My comments on DR 10-0001

Rick Jelliffe rjelliffe at
Thu Apr 8 09:44:23 CEST 2010

Jesper Lund Stocholm wrote:
> It'd be interesting to hear more details on this, if you have it.

  * IS8601 has a variety of syntaxes for kinds of Gregorian dates. The 
2004 version is at

  * XSD datatypes has a variety of datatypes for kinds of dates, 
specifically xs:date. This is based on a subset of IS8601 syntax with 
specific value-space extensions to handle pre-Gregorian dates. See

  * It is the custom of some spreadsheet programs, it seems, to allow 
what I call "ordinal dates", where the day number is an index from the 
start of the month, rather than a "cardinal date"--a member of a limited 
set of the days available for that month. (Do I have miy terms correct?) 
This may have some calculation benefits and a certain conceptual appeal, 
but it still needs to be justified better for it to be acceptable for 
the forwards-looking standard.

 * The main thing that these ordinal dates have against them is that 
normal date processing software does not cope with them. Other problems 
are that relative dates go beyond the semantics in XSD Datatypes, 
further compexifies the standard and its implementation, and  alarm the 


HTML5 is a controversial effort from the WHATWG (a vendors-dominated 
group) and the W3C: this partnership has much strain, mostly because the 
W3C is keen on aspirational upgrades to HTML while WHATWG's criticized 
editor is keen on the standard reflecting reality. This situation is not 
entirely unknown at other bodies.

HTML5 has "conforming features", "obsolete but conforming features" and 
"non-conforming features". It defines a "conforming document" and a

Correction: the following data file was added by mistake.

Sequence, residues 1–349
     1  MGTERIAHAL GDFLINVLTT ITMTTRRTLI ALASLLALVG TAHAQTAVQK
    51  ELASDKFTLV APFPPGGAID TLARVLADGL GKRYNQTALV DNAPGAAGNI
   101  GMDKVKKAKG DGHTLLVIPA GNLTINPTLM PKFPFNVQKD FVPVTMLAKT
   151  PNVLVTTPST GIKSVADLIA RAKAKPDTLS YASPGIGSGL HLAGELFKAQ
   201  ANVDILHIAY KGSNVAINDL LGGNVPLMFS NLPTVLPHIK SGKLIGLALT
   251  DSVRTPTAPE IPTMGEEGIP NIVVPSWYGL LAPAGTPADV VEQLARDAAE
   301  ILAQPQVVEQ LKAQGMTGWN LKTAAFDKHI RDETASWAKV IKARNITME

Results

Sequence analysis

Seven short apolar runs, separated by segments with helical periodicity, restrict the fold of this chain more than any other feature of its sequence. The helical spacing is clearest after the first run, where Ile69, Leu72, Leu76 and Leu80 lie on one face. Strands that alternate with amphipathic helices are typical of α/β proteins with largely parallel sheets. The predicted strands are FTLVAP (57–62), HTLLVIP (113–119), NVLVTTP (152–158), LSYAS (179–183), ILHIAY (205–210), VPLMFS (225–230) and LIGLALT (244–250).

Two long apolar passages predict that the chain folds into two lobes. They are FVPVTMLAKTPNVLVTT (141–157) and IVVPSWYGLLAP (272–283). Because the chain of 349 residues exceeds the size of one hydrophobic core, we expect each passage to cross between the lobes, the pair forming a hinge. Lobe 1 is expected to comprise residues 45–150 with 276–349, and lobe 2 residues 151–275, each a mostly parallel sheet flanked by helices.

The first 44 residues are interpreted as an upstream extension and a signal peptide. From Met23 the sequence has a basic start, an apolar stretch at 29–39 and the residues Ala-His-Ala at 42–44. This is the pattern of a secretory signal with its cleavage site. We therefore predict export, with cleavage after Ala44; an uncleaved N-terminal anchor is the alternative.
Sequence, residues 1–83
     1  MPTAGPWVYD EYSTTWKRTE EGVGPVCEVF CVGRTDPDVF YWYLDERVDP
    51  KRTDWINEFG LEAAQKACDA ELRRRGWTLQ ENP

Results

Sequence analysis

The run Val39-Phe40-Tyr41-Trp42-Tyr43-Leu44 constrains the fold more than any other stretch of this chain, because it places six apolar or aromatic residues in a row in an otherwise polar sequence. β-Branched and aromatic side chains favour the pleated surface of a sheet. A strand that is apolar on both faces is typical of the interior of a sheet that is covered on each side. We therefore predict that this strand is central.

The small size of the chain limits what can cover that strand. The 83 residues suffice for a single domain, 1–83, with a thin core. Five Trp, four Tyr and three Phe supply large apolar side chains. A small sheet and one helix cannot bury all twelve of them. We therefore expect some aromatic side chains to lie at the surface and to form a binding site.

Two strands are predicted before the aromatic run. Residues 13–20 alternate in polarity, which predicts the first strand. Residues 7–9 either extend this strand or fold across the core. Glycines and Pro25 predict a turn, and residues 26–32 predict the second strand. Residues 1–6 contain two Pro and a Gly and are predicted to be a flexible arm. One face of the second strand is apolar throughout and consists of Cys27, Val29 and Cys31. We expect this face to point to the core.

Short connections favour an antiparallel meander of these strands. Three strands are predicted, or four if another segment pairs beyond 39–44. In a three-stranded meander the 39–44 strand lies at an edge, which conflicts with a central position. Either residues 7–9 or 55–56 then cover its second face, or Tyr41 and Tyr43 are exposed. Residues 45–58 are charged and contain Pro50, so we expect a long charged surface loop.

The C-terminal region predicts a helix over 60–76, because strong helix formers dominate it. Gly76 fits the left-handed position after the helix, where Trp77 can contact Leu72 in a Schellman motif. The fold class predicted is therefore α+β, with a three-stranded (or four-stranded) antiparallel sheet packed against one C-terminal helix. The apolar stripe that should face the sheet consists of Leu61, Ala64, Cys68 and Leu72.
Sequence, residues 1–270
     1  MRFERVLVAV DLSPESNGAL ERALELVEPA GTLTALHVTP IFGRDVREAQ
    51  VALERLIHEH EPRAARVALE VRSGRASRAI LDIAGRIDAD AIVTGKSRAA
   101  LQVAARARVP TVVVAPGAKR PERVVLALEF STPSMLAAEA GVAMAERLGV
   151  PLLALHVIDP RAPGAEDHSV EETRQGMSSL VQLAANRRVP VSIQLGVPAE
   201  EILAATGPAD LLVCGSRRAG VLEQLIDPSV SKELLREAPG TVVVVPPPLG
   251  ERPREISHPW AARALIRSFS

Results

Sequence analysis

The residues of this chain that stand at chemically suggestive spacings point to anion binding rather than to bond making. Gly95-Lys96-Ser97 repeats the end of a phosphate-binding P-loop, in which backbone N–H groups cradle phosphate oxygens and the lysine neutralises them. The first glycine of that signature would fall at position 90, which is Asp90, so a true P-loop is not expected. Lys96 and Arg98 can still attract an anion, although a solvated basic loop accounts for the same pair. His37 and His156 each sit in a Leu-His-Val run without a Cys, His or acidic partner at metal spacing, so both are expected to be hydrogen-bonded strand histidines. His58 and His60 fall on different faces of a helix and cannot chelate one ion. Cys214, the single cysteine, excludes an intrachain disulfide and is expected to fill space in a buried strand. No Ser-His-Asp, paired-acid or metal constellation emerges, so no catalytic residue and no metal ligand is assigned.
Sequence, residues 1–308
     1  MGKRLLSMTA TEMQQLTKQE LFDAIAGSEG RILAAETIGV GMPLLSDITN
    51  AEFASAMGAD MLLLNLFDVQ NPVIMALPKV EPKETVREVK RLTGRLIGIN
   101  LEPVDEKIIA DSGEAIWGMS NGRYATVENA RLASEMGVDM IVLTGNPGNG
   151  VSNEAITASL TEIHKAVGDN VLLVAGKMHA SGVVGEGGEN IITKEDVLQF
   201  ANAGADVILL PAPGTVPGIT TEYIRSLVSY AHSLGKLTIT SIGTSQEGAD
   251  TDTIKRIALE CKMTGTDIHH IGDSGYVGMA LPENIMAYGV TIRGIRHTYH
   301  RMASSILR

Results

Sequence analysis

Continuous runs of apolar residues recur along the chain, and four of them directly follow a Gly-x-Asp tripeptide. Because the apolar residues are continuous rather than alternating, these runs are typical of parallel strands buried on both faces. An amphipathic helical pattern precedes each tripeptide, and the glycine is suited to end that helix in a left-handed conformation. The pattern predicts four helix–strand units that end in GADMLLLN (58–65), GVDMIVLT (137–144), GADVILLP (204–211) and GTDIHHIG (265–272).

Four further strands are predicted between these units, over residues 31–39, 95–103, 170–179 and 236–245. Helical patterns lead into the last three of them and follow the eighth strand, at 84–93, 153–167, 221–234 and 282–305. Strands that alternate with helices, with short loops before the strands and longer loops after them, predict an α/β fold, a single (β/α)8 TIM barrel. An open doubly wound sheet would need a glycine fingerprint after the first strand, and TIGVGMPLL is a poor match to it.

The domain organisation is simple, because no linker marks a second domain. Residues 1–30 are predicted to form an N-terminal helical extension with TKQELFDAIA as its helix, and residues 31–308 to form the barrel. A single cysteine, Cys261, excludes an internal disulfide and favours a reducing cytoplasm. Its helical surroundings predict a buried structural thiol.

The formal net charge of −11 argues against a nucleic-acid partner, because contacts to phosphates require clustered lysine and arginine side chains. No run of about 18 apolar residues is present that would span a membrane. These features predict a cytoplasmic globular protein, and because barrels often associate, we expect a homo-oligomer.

"conformance checker".  An application is not required to be a 
conformance checker or fail on non-conformance. See

Most interesting, HTML5 defines several actions to take in the event of 
an error occurring. In the case of HTML5, these are given in 
non-normative text: this is a rather confused idea of what non-normative 
means IHMO since words such as MAY and SHOULD can cover it better. But 
obviously they want to avoid any idea that the documents with these 
errors conform, while at the same time encouraging browsers to render 
them in a certain way.  (So HTML5 has a generic SGML/XML-y parser, which 
builds the 'DTD ' into the parser rather than being generic.)

Problems with overlapping inline formatting ranges are handled in the 
following novel way, see
 * Some cause a "parse error" which is ignored for parsing
 * Some cause a "parse error" which gets rectified by manipulating the 
stack of open elements
In otherwords, the emphasis is on recovery.


I suggest that the same approach might be applicable for OOXML dates, if 
I have understood the issue from the emails.

For example, this kind of text:

"Date Error Correction in spreadsheets: (Normative)

A conforming producer application must generate valid dates. A 
conforming document must contain valid dates. A conforming consumer 
application may provide the following limited date correction:  if the 
day value is larger than the maximum number of days possible in that 
month and year, treat the day as if it were an index of days from the 
start of the given month. A consuming application with a user agent must 
not indicate to the user that a document with this datatype invalidity 
is valid or conforming.  A conformance test suite for this standard must 
not represent any test for this error correction as contributing to, or 
being indicative of, application conformance.

NOTE: (Informative) Other forms of automatic data correction are 
non-conforming in principle, to allow interoperability and reduce 
special cases. A consumer application may provide such features, but a 
user agent must not indicate to the user that this is conforming 

Rick jelliffe

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